Earlier this week, Javad Zarif, the Iranian foreign minister, warned of the high stakes in play. "All through history Iran has provided security in these waters," he told CNN's Fareed Zakaria. "The United States is intervening in order to make these waters insecure for Iran. You cannot make these waters insecure for one country and secure for others."

"Do you believe that as a result of this -- whoever is to blame -- you could have an escalation which would result in a military incident?" Zakaria asked him.

"In such a small body of water if you have so many foreign vessels, I mean accidents will happen..." the Iranian foreign minister replied, emphasizing that Iran did not want war and called on all parties to "work" to avoid war.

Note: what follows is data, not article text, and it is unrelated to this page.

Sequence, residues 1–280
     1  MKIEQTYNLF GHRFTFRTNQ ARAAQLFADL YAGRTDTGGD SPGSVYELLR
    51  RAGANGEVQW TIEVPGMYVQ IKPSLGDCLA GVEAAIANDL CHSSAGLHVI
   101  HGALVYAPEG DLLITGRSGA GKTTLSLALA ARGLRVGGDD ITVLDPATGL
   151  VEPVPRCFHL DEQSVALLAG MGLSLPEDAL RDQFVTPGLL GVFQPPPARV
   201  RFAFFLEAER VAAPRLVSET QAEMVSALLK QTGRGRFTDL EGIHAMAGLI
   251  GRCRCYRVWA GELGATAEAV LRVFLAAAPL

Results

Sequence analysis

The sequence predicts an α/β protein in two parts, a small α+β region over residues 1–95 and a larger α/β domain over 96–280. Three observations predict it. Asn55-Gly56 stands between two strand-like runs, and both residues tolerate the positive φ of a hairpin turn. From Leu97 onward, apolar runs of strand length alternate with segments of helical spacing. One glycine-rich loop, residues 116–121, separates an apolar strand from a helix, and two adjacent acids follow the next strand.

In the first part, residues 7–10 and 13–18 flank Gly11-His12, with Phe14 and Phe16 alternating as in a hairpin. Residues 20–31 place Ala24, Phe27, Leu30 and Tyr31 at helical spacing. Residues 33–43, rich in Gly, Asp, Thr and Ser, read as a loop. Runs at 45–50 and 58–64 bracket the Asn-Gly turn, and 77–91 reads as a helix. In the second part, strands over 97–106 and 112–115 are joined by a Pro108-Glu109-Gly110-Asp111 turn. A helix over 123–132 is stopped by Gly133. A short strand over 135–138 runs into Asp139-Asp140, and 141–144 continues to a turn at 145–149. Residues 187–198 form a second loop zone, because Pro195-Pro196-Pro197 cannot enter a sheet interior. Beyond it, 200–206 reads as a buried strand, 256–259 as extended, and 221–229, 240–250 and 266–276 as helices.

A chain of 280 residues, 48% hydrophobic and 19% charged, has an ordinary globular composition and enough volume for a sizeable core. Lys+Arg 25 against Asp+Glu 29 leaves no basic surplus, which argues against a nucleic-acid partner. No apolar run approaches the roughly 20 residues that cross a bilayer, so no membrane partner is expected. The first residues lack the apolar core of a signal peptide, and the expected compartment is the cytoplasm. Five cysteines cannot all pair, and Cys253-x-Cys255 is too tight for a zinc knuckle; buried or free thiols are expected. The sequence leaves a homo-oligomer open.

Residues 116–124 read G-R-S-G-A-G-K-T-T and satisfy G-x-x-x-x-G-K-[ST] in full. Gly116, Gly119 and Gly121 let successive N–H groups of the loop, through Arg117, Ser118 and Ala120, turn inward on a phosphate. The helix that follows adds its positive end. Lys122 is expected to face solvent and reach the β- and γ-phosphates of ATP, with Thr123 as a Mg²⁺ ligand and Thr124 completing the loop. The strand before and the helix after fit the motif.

He drew attention to the US killing of 290 civilian passengers on board Iran Air flight 655, shot down by the USS Vincennes during the "tanker wars" of the 1980s.

Tehran has repeatedly called for a return to negotiations with the US, but only if the US lifts economic sanctions first. This week there were signs that the Trump administration was preparing to make good on its offer to talk directly with Iran, without preconditions, reportedly tapping Senator Rand Paul as the man to make the overtures.

On board the Boxer, CNN asked Brigadier General Trollinger, the commander of the Task Force controlling the USS Boxer, if an apparently minor misstep by a junior sailor or Marine could have dangerous consequences -- like a war?

"That's absolutely accurate," the general replied. "All the training we do, all the education we do is the express purpose of getting after that, to make sure that we eliminate or reduce rather... mitigate to the best of our ability ... any risk of miscalculation."

The alternative is almost unthinkable. But in complex negotiations, the trick is to convince the other that the unthinkable is an option.

CNN's Sarah Sirgany contributed to this report.